To effectively support and optimize interprofessional practice and education, interprofessional faculty and clinical providers need to be purposeful in both the design of the curriculum and clinical learning environment. Design should be longitudinal, rooted in IPEC competencies, inclusive to all disciplines participating and centered on the needs of those served in the clinical environment. Boston University Community Health Alliance of Medical Professionals (BU CHAMPs) was created with funding from Health Resources and Services Administration (HRSA T0BHP30021) in 2016 to address siloed health professional training and reduce health disparities for underserved populations experiencing chronic disease and social stressors. BU CHAMPs includes a weekly longitudinal interprofessional care clinic (ICC) that incorporates a case-based didactic curriculum that was developed to complement a longitudinal clinical experience for trainees in social work, medicine, physician assistant, and nutrition. In this session, we will share five pivotal lessons learned from our five year experience and how incorporating these lessons contributed toward better education in practice.
Individual interviews, team-based focus groups and post-curriculum surveys identified learning strategies and structural elements that were conducive to a collaborative and patient-centered ICC and highlighted areas to improve. Ongoing quality improvement facilitated curriculum innovations including the development of a longitudinal interprofessional case-based curriculum with faculty guide, simulated standardized patient interactions for learners to teach and practice interprofessional skills and behaviors to support competence when seeing patients in the clinic, and tools to share reflection regarding learnings, team dynamics and patient care. We will discuss the inclusion of faculty development to empower clinical providers or “preceptors” of all disciplines to facilitate didactic sessions and transfer of teaching from academic faculty to interprofessional preceptors. Through discussion of our five major lessons learned we will offer recommendations for how to best build and support optimal interprofessional education and practice in the community setting.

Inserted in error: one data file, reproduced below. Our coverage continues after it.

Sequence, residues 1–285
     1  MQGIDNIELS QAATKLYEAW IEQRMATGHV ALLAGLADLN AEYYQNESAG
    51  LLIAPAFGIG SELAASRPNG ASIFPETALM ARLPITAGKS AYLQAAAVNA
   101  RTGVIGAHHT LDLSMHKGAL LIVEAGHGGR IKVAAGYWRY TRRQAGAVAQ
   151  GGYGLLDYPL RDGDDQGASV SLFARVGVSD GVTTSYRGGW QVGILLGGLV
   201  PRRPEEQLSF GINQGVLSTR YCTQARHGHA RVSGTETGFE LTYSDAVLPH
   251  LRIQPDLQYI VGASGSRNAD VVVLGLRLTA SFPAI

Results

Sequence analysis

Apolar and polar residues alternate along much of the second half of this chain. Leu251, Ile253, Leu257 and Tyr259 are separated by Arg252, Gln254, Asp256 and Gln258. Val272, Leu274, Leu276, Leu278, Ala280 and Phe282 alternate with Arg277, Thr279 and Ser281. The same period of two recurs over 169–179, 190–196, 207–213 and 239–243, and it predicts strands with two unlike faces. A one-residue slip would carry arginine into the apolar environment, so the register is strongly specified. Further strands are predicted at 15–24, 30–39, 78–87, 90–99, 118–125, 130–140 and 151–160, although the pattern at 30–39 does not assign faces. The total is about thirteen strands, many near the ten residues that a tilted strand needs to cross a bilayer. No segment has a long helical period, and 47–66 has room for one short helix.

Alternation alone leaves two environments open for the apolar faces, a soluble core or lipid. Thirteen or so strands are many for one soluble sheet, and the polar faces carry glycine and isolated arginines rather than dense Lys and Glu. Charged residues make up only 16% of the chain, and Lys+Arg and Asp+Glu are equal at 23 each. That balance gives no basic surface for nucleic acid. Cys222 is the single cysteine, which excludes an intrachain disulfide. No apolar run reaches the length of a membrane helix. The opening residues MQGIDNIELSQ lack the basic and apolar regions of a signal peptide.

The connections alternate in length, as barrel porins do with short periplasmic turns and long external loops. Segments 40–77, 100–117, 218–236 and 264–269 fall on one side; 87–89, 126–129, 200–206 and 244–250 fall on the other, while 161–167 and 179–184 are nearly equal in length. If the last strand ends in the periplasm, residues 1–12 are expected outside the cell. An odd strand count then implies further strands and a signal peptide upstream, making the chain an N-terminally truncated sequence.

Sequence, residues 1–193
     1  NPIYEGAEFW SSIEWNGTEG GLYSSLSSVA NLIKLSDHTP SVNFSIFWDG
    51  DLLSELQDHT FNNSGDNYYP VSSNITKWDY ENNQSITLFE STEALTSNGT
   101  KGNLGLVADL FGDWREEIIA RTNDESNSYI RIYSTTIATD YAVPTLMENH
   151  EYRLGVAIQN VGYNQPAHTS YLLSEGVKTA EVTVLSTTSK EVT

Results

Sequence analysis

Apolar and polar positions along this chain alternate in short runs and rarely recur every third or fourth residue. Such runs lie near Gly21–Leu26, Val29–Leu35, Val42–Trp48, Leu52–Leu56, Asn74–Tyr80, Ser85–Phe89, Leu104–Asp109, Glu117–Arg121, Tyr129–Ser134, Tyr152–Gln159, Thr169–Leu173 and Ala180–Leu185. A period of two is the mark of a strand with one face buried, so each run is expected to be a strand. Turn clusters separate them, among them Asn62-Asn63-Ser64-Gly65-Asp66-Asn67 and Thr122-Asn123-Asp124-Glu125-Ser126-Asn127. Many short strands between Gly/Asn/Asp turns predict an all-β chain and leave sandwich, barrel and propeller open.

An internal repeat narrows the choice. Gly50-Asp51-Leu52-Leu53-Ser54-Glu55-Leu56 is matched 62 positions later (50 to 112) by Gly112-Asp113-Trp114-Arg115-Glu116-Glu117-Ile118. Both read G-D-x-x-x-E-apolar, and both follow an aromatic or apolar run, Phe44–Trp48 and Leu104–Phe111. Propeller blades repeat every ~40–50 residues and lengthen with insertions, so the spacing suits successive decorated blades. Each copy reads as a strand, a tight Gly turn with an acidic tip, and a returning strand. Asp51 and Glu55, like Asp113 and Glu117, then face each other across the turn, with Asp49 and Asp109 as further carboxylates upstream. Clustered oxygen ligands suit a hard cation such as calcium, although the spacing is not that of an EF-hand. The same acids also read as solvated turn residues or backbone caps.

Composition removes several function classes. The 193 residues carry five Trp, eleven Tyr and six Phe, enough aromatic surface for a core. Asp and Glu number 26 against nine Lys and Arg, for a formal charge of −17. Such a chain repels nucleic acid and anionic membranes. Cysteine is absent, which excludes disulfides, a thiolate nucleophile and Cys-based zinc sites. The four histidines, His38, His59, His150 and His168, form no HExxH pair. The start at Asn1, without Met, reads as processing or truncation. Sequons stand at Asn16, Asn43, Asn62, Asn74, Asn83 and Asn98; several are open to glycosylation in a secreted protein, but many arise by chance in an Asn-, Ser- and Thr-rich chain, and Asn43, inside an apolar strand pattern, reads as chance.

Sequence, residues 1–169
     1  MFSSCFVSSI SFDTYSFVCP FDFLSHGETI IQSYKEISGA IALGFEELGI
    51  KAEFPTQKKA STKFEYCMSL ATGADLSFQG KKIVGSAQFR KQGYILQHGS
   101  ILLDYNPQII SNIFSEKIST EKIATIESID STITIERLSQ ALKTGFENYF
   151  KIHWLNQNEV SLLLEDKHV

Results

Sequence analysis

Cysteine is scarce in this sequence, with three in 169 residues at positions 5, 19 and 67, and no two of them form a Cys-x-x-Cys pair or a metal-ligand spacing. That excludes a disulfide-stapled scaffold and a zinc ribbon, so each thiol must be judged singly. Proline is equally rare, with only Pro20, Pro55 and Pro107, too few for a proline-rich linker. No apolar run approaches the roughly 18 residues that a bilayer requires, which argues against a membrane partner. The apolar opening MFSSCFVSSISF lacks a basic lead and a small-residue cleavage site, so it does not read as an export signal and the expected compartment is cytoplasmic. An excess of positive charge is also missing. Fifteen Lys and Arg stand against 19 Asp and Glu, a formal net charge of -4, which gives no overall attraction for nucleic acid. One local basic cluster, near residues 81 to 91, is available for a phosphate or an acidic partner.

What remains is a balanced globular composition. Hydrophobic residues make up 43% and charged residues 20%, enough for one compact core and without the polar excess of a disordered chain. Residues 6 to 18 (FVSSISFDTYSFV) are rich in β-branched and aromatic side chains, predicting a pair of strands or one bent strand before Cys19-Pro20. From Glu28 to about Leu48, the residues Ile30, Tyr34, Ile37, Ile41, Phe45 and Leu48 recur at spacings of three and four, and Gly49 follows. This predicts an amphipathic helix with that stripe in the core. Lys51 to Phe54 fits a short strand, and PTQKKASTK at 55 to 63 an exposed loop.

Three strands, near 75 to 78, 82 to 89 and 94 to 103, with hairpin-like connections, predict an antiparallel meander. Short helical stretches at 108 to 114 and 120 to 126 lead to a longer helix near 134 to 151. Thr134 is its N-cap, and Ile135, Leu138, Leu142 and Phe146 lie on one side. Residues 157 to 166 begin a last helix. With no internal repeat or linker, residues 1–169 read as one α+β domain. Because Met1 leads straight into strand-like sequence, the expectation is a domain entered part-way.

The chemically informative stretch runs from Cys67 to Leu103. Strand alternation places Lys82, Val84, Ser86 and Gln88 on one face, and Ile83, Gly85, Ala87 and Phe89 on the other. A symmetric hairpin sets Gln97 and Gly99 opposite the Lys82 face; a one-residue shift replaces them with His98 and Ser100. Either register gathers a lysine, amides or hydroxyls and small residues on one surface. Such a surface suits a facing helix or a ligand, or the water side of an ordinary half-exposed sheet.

In support of improving patient care, this activity is planned and implemented by The National Center for Interprofessional Practice and Education Office of Interprofessional Continuing Professional Development (OICPD). The OICPD is accredited by the Accreditation Council for Continuing Medical Education (ACCME), the Accreditation Council for Pharmacy Education (ACPE), and the American Nurses Credentialing Center (ANCC) to provide continuing education for the healthcare team.
This activity was planned by and for the healthcare team, and learners will receive Interprofessional Continuing Education (IPCE) credit for learning and change.
Physicians: The National Center for Interprofessional Practice and Education designates this live activity for AMA PRA Category 1 Credits™.
Physician Assistants: The American Academy of Physician Assistants (AAPA) accepts credit from organizations accredited by the ACCME.
Nurses: Participants will be awarded contact hours of credit for attendance at this workshop.
Nurse Practitioners: The American Academy of Nurse Practitioners Certification Program (AANPCP) accepts credit from organizations accredited by the ACCME and ANCC.
Pharmacists and Pharmacy Technicians: This activity is approved for contact hours.
IPCE: This activity was planned by and for the healthcare team, and learners will receive Interprofessional Continuing Education (IPCE) credits for learning and change